The Wall Street Journal gave the market some good news amid rising concerns about Italy and trade wars, when it reported that in an attempt to appease Trump, over the weekend Beijing had offered to buy US farm and energy products in a trade package worth an estimated $70 billion.
The team of Chinese envoys - led by Vice Premier Liu He, President Xi Jinping's top economic official - offered a US team headed by Commerce Secretary Wilbur Ross a package that involved Chinese companies buying more US soybeans, corn, natural gas, crude oil and coal among other agricultural and energy products. Stocks briefly rallied on the news, but the gains then quickly faded as the market realized this was nothing more (or less) than prior such gambits offered by China.
China's voluntary proposal comes as president Trump pushes China to commit to reduce the $375 billion US merchandise-trade deficit with China by $200 billion, and while the $70 billion package would help move the US toward that goal, it would be rather insufficient.
Also diluting the Chinese offer, Liu explained that the package would be void if Washington proceeded with plans to impose tariffs on $50 billion in China-made products.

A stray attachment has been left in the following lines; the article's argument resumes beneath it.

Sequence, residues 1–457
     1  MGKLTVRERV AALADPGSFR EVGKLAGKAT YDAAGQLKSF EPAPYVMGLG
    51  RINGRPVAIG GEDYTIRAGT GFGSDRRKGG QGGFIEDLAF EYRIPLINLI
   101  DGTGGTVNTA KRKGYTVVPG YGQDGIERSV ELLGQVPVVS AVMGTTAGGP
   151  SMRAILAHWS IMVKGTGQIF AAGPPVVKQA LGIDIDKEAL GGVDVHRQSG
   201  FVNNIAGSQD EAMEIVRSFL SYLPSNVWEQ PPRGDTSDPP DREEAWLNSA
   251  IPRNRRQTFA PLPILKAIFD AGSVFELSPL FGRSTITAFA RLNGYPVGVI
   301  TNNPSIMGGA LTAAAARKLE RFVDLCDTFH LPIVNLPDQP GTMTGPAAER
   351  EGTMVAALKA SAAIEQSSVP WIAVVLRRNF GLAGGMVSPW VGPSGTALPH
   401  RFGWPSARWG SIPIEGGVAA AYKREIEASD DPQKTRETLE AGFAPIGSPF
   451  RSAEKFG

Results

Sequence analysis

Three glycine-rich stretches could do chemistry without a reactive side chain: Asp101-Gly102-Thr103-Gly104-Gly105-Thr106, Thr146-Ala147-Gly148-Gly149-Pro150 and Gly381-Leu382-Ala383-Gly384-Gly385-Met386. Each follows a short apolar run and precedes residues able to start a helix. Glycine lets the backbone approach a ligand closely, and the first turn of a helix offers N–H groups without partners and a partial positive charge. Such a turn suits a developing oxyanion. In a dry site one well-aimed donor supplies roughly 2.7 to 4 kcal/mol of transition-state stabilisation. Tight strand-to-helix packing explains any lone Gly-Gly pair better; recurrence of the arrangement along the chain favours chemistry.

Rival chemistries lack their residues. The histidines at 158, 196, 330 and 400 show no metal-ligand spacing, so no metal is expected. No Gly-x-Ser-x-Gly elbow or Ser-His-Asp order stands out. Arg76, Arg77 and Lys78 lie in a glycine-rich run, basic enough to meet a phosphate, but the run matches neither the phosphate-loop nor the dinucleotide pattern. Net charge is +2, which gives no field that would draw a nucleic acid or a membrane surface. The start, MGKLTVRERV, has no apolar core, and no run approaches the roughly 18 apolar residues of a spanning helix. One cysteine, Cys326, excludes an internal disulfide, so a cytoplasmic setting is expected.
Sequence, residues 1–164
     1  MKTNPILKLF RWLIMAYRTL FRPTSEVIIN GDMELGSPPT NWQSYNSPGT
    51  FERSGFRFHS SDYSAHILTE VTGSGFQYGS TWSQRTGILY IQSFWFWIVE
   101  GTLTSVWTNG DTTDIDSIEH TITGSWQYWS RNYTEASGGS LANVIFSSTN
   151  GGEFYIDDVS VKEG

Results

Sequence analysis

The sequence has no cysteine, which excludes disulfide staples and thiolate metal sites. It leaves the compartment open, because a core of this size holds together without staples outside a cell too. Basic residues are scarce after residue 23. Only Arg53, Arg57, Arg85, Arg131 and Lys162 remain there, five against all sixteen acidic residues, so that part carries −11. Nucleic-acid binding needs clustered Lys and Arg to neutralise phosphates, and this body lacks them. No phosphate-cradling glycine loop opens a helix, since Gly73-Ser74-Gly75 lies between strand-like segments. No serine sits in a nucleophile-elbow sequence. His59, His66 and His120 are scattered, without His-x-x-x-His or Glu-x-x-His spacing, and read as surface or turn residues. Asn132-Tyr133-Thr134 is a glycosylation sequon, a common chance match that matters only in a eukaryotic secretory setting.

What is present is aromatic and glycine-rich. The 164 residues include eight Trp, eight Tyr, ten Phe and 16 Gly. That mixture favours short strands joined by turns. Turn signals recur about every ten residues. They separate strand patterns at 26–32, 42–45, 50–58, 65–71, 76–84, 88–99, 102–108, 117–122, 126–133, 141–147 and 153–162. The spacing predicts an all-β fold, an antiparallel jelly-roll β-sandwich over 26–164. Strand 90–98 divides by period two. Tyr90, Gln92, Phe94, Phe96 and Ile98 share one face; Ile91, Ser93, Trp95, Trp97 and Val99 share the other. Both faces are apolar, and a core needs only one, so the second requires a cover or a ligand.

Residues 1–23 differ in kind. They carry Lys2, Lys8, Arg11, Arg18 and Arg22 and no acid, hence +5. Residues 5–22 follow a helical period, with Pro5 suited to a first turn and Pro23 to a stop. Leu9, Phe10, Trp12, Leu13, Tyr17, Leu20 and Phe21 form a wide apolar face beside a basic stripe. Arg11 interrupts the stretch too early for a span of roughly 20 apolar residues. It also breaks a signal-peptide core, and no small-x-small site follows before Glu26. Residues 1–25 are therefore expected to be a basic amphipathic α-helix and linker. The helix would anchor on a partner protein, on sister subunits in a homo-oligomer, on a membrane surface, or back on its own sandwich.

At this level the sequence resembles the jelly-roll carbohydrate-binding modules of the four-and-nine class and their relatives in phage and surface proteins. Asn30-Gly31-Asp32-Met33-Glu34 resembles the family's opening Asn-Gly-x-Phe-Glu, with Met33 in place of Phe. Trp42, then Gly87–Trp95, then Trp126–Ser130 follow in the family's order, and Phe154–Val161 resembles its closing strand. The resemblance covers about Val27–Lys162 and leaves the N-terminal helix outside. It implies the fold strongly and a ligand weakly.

WSJ also points out that US officials are skeptical of the offer for several reasons, including the fact that the US likely wouldn't be able to ramp up agricultural production quickly enough. As of last week, the White House said it would move ahead with tariffs and sanctions restricting China's access to US technology and the US market while punishing Beijing for its purportedly unfair trading practices. If accepted, the offer would benefit the farm-belt states that voted heavily for Trump during the election.
China also offered to get state-owned companies to buy more US natural gas, though that could also be subject to production difficulties.
"Nothing has firmed up yet," one official said. "It would require additional rounds of discussions between the two sides."
It's unclear whether the Trump administration will take the offer seriously, although judging by the market reaction, the early answer is no.